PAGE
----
By Dennis Abrams
Awards for the top children’s and YA books, videos, and audios, were announced yesterday at the American Library Association’s Midwinter Meeting in Seattle, Washington.
Katherine Applegate was awarded the 2013 Newbery Medal for The One and Only Ivan (Harper). Jon Klassen received the 2013 Randolph Caldecott Medal for This is Not My Hat (Candlewick) which he both wrote and illustrated. (Klassen also received a Caldecott Honor citation for Extra Yarn, with text by Max Barnett (Balzer & Bray/HarperCollins), making him the first artist since 1947 to win both a Caldecott Medal and an Honor citation in the same year — that year, Leonard Weisgard won the Caldecott Medal for The Little Island (Doubleday) written by Margaret Wise Brown using the pseudonym Golden McDonald, and received a Caldecott Honor for Rain Drop Splash (Lothrop, with text by Alvin Tresslet). And Nick Lake won the 2013 Michael L. Printz Award for In Darkness (Bloomsbury). It was the first time that each of the recipients had won the award.
The Laura Ingalls Wilder Award, given to an author or illustrator whose books have made a substantial and lasting contribution to literature for children, was given to Katherine Paterson. (According to Shelf Awareness, there were cries of disbelief from the crowd that Paterson, a two-time Newbery winner had never been honored with the Wilder Award.)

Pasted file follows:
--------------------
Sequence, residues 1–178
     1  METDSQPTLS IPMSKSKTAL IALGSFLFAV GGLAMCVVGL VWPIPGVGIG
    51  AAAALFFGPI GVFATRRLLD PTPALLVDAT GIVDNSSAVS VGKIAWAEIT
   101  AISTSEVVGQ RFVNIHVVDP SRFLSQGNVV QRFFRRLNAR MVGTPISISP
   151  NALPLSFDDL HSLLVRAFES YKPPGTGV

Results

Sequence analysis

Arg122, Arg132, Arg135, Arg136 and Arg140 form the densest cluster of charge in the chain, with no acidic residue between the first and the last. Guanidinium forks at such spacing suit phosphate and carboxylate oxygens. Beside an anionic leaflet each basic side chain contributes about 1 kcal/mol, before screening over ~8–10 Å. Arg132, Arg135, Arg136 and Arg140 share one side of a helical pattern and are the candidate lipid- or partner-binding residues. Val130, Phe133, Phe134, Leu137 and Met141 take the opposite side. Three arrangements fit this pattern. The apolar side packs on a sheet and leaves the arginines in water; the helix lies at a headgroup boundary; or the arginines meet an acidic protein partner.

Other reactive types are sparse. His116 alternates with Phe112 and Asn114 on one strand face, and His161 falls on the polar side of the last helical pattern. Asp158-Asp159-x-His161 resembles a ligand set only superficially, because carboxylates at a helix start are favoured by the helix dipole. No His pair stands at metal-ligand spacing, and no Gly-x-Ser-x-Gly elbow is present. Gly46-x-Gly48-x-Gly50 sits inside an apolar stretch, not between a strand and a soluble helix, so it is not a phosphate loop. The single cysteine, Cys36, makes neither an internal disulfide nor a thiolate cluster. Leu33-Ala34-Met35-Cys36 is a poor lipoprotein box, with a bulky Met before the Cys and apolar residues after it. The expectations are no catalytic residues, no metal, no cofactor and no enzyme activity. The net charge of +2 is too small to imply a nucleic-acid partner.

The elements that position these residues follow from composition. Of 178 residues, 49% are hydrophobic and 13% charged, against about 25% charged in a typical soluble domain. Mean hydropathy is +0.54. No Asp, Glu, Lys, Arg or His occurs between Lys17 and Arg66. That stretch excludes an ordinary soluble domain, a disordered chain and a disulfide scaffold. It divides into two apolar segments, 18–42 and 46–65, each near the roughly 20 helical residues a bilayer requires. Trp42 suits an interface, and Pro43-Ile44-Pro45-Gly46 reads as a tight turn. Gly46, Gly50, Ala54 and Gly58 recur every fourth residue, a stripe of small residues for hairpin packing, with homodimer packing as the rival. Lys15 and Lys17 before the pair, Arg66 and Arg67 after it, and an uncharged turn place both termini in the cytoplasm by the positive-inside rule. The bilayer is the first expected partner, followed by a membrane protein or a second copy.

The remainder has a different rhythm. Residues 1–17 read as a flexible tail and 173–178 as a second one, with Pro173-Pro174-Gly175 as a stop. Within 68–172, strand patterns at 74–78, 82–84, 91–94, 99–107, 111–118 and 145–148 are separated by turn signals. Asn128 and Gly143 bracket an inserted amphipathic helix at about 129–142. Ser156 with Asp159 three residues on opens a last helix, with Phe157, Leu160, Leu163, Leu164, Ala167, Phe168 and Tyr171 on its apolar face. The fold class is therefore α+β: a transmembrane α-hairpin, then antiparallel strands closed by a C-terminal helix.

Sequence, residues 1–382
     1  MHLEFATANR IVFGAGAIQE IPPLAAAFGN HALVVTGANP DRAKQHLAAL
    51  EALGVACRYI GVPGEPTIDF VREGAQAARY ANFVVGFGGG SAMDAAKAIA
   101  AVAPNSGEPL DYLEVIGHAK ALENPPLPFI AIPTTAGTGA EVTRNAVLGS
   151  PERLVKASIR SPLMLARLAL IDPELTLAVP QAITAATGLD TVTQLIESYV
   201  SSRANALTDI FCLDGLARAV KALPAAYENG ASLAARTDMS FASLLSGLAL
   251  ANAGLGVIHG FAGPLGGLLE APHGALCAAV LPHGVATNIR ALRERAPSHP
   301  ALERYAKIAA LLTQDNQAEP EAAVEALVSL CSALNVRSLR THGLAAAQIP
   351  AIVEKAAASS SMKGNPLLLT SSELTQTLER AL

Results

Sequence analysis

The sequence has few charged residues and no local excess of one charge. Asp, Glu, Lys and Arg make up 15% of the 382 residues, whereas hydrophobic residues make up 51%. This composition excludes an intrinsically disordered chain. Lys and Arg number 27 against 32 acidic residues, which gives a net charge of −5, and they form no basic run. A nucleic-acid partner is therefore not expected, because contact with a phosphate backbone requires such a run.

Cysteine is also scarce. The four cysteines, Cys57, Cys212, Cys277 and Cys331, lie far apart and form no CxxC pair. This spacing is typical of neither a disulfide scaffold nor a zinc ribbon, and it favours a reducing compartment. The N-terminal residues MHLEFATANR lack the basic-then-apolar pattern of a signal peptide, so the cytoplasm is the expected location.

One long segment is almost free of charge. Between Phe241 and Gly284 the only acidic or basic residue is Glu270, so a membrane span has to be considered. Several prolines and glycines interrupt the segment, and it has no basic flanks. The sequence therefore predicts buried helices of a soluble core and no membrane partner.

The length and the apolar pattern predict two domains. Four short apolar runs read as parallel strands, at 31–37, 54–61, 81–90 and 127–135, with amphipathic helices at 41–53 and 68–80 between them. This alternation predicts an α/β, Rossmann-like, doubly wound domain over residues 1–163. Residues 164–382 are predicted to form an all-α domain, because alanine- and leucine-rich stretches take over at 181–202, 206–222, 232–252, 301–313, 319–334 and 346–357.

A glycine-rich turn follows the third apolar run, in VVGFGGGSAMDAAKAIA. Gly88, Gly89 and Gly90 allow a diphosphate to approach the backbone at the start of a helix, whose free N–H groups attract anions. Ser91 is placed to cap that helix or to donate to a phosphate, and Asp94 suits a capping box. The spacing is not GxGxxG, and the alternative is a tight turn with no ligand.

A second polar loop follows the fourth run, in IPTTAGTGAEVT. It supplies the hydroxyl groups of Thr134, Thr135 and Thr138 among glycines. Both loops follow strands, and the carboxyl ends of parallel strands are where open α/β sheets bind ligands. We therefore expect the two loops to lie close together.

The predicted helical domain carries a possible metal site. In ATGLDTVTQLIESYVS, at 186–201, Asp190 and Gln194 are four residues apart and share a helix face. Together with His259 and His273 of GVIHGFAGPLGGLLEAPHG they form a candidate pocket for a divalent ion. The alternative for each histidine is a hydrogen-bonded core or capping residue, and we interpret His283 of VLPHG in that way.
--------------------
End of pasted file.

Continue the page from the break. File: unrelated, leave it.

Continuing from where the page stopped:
The 2013 Margaret A. Edwards Award for lifetime contribution to writing for young adults was given to Tamora Pierce, and Andrea Davis Pinkney, whose book Hand in Hand: Ten Black Men Who Changed America, illustrated by Brian Pinkney (Jump at the Son/Hyperion), won the 2013 Coretta Scott King Author Award, was also chosen to deliver the 2014 May Hill Arbuthnot Honor Lecture. Bryan Collier won the Coretta Scott King Illustrator Award for I, Too, Am America, text by Langston Hughes (Simon & Schuster).
The Stonewall Book Award, given to children’s and young adult books of exceptional merit relating to the gay, lesbian, bisexual and transgender experience, was given to Benjamin Alire Saenz for Aristotle and Dante Discover the Secrets of the Universe (Simon & Schuster). Saenz was also awarded the Pura Belpre Author Award, which honors Latino authors, for the same title.
The Robert F. Sibert Award for the most distinguished informational book for children was given to Bomb: The Race to Build — and Steal — the World’s Most Dangerous Weapon by Steven Sheinkin (Roaring Book/Flash Point).
The Andrew Carnegie Medal for excellence in children’s video went to Katja Tomeman for Anna, Emma and the Condors (Green Planet Films).
For a complete list of winners and honorees, click here.